5 Habits of Chronically Unhappy People

They’re more common than you think

Photo by Volkan Olmez on Unsplash

Most of us know someone who, despite having excellent health, a great job/successful career, a loving, supportive family, and more, are miserable. Blind to the blessings of abundance all around them.

We know they’re miserable because — they tell us.

Continuously.

— — —

It goes something like this:

“It’s too hot, too cold, too loud, too quiet, too…”

“I’d be happy if I could lose twenty pounds/ move to a bigger house/ get married/ get a divorce/ get the kids out of the house/ retire from this stressful job/ have grandkids/ have time for a hobby/ didn’t have kids/ win the lottery/ have a baby/ have my old job back…”

“If only I didn’t have so much time on my hands/ had more time/ I could’ve, would’ve, should’ve…If only I had a true friend, (though I prefer parrots to people because they echo my own beliefs.)”

Interestingly, it’s not just the stereotypical cranky older person who’s bitter that their life has reaped what they’ve sowed.

It’s also young people and midlife men and women from all walks of life. From what I can tell, the only humans exempt from this sad phenomenon are babies!

— -

From experience and observations, here’s my list of 5 habits of chronically unhappy people:

They’re Persistently Pessimistic

Perhaps you’ve heard the story of the two young brothers who, after playing outside all day, opened their bedroom door to find it completely covered in excrement!

The stinking mess covered the walls, floor, and all their toys.

One boy immediately began crying, holding his nose, screaming, and throwing a full-blown temper tantrum.

The other boy looked around, smiled, and began laughing and running around opening doors, peeking behind the curtains, and excitedly said to his brother, “ WOW, why are you crying? With this much crap, there’s gotta be a PONY in here somewhere!”

I love this vivid illustration of the difference between an optimist and a pessimist. It is all about how we choose to view the world.

“Two men looked out from prison bars; one saw the mud, the other saw stars.” -Dale Carnegie.

— -

They Blame Others

Nothing is their fault. Ever. It’s always their parents, spouse, children, friends, neighbors, or a co-worker who made them do it, say it, eat it, drink it, try it, spend it, or -fill in the blank-. A typical example is blaming a parent for their bad personal choices that often lead to addictions, dependencies, and other risky or unsettling life choices. It’s easy and feels better to deflect the blame but not taking responsibility for wrong actions generally leads to more poor decisions, ultimately culminating in a life of misery.

We can never win happiness by playing the blame game.

— —

They Hold Grudges

If you want to be miserable, hold a grudge — forever — never let it go. While it’s natural to lash out when we’ve been cheated, lied to, or betrayed, once those feelings are expressed in whatever way (hopefully lawfully), they’re released and gone. It’s when we hold onto the anger and hurt, wallow in the pain by replaying the betrayal over and over in our mind, that these toxic feelings become burning bridges, separating us from the possibility of ever reconciling. Sadly many people carry grudges to their graves.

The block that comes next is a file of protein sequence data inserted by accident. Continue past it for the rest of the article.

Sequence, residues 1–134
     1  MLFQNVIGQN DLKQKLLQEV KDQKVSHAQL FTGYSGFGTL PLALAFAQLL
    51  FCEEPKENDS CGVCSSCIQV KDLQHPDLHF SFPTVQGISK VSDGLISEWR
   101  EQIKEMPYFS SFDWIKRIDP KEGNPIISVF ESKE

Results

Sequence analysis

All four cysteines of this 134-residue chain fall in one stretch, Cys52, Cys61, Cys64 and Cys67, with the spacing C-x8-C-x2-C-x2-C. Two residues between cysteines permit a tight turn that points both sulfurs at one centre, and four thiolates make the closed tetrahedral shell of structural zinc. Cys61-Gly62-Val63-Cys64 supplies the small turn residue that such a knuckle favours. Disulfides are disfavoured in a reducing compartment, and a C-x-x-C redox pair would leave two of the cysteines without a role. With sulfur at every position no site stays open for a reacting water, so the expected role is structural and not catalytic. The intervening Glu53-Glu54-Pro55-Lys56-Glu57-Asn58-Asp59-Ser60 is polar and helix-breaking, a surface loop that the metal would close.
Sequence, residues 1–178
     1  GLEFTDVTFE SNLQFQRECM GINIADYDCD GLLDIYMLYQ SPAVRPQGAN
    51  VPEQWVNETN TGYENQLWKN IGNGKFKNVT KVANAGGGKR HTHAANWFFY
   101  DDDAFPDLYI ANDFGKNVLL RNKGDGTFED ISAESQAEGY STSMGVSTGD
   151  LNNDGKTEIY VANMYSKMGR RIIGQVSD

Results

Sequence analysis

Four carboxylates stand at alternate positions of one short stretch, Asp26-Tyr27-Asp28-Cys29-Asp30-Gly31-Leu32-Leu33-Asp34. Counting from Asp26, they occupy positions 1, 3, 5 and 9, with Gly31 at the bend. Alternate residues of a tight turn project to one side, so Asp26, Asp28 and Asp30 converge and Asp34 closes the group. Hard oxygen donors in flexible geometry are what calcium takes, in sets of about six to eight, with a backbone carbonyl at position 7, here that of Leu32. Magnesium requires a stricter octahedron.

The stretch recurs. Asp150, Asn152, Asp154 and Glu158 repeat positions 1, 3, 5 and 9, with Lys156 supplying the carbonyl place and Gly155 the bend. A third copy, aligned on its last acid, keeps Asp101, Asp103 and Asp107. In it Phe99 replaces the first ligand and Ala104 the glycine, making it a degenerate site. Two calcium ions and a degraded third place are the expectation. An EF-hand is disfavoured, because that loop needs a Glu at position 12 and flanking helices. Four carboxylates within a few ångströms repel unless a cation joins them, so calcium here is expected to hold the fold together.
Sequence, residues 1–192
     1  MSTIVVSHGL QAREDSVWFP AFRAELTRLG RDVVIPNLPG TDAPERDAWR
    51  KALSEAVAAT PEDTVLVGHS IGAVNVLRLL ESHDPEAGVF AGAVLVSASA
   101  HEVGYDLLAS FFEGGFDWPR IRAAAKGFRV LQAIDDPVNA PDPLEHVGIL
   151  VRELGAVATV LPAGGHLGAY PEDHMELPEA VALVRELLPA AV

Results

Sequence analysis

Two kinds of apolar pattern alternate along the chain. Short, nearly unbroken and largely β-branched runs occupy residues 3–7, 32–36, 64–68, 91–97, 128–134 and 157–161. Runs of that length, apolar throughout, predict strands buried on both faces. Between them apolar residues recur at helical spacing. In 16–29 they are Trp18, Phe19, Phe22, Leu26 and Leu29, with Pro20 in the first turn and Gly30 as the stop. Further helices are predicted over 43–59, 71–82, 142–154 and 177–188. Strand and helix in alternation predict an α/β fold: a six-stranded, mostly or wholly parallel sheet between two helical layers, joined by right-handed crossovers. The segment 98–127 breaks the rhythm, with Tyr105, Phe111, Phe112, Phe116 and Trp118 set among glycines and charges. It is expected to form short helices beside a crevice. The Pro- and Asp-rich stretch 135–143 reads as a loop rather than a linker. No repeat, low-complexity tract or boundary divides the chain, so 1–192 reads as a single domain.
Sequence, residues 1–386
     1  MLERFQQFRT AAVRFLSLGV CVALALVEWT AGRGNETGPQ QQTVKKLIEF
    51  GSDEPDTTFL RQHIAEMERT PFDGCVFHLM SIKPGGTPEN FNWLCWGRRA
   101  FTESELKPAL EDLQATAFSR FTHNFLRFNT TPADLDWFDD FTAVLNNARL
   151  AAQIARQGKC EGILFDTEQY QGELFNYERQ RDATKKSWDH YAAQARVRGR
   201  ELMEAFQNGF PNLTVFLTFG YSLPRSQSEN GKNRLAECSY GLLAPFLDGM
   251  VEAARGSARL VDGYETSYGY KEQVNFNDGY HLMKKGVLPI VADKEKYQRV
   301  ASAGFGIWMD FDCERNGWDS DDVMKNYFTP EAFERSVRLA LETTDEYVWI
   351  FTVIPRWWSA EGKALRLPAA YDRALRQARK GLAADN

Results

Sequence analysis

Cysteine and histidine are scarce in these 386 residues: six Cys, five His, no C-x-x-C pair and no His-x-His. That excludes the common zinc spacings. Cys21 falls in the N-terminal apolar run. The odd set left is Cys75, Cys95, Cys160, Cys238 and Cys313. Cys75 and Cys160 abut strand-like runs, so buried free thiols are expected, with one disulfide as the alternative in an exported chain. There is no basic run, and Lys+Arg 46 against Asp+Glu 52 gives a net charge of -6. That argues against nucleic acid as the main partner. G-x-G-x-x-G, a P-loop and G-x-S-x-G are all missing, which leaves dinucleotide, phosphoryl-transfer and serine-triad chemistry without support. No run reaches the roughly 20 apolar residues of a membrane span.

Holding a grudge is like “You drinking poison and waiting for the other person to die.” -unknown.

— -

They Criticize

Finding fault in everyone and everything reveals a person who is leading a chronically unhappy life. To combat their deep feelings of inferiority, they continuously criticize others to make themselves feel (and they believe, appear) superior. “She can’t possibly think that dress looks good on her!” “It tastes ok I guess, if you like bland food.” “Why did you bring me these flowers? You know I’m allergic?” No matter how lovely the weather, you can always count on them to spot the rain cloud in the distance.

“The mind is its own place and in itself, can make a Heaven of Hell, a Hell of Heaven.” -John Milton.

— -

They Complain

It’s no secret that miserable folks are chronic complainers. “I wouldn’t feed this steak to a dog!” ” I asked for well-done, and you can see it’s burnt to a crisp!” “You know I hate this kind of chocolate; besides, I’m on a diet!” “Is this place always this dirty, or is it just my lucky day?!”

No-one wants to be around these people; therefore, chronic complainers often find themselves with no friends, which means if you happen to be the unfortunate person on the receiving end of their tirade, remember, this person was someone’s sweet baby once.

“Any fool can criticize, condemn, and complain — and most fools do.” — Dale Carnegie.

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In conclusion, remember the good news: We can all break unwanted habits, and instead of complaining about the rain, we can learn to marvel at the rainbow.

Creative. Copywriter. Blooming blogger. Breathwork enthusiast. Ghostwriter. Bohemian soul. Comments and creative collaboration inquiries: Alicej@charter.net

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